The president is, by any measurable standard, really bad at handling staffing issues. For his White House to be effective, you’d think that he’d want to surround himself with people who don’t have major security issues in their background and who are equipped for the job — and ready to fill their position for a significant period of time — but that’s not the path the Trump White House has taken. Instead, the president has lost senior staffer after senior staffer as his administration has dragged on.
One of the senior members of the administration to be pushed out recently is Secretary of Veterans Affairs David Shulkin, who lost his job after a scandal involving misuse of government funds and time for travel came to light.
The president originally nominated White House physician Dr. Ronny Jackson to fill the position in Shulkin’s absence, but compounding issues with the nomination, allegations came out against him of having led a wildly inappropriately functioning medical office throughout recent years.
The bulk of the allegations are found in a document released by the Democrats of the Senate Veterans Affairs Committee. Included among them is a story of Jackson having personally taken it upon himself to dish out a large quantity of the opioid painkiller known as Percocet to a White House military office staff member and leaving his own staff in a “panic” when they discovered that the medication was missing, a panic facilitated in part by Jackson sometimes only recording a distribution of pills after it took place.
Ironically, it’s the Trump administration that has in recent weeks and months come out strongly against the improper distribution of opioids to the point of the president seeking the death penalty for certain drug dealers.
That’s not where the allegations of misconduct against the president’s original pick to be the next VA Secretary end. Continuing on with the issue of mishandled medication, Jackson allegedly wrote himself prescriptions at times and had a physician’s assistant actually provide the medication to him after facing scrutiny inside the office.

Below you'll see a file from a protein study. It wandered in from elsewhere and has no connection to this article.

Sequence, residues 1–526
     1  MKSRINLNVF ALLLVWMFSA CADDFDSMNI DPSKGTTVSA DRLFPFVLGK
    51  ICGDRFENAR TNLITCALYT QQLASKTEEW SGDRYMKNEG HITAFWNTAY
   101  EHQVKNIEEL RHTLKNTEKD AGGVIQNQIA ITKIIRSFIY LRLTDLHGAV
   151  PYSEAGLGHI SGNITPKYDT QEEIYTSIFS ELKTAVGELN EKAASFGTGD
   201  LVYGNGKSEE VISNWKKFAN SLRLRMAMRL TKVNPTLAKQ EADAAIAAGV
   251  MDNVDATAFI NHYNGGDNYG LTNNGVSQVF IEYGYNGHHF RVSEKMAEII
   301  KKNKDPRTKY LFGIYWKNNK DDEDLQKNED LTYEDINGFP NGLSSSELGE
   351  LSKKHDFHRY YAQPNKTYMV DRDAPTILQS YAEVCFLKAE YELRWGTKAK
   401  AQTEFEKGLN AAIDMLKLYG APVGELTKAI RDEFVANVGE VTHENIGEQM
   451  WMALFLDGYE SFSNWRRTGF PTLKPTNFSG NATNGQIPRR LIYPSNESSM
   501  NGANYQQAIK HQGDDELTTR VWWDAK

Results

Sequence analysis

Jackson is also alleged to have a penchant for drunkenness to the point of having “wrecked a government vehicle” while under the influence of alcohol at a Secret Service going away party, an allegation that Jackson has specifically and unsurprisingly denied.
In another alleged incident, while overseas with the Obama team in 2015, Jackson got drunk and banged on the door of a staff member’s hotel room to the point of attracting the attention of the Secret Service, which tried to get him to calm down in an effort to keep the president himself from being woken up by the noise. The Secret Service has stated they have no record of any such incident.
Originally, the White House stood by Jackson. White House spokesperson Hogan Gidley insisted that the administration would not “write him off in any way before his hearing.”
— NPR Politics (@nprpolitics) April 25, 2018
Jackson eventually withdrew his name from consideration to be the next VA Secretary, and the president has not yet formally nominated someone to take over the position instead of him. He did use the whole debacle, however, as a stepping stone to calling for Senator Jon Tester of Montana, the highest ranking Democrat on the Senate Veterans Affairs Committee, to resign.
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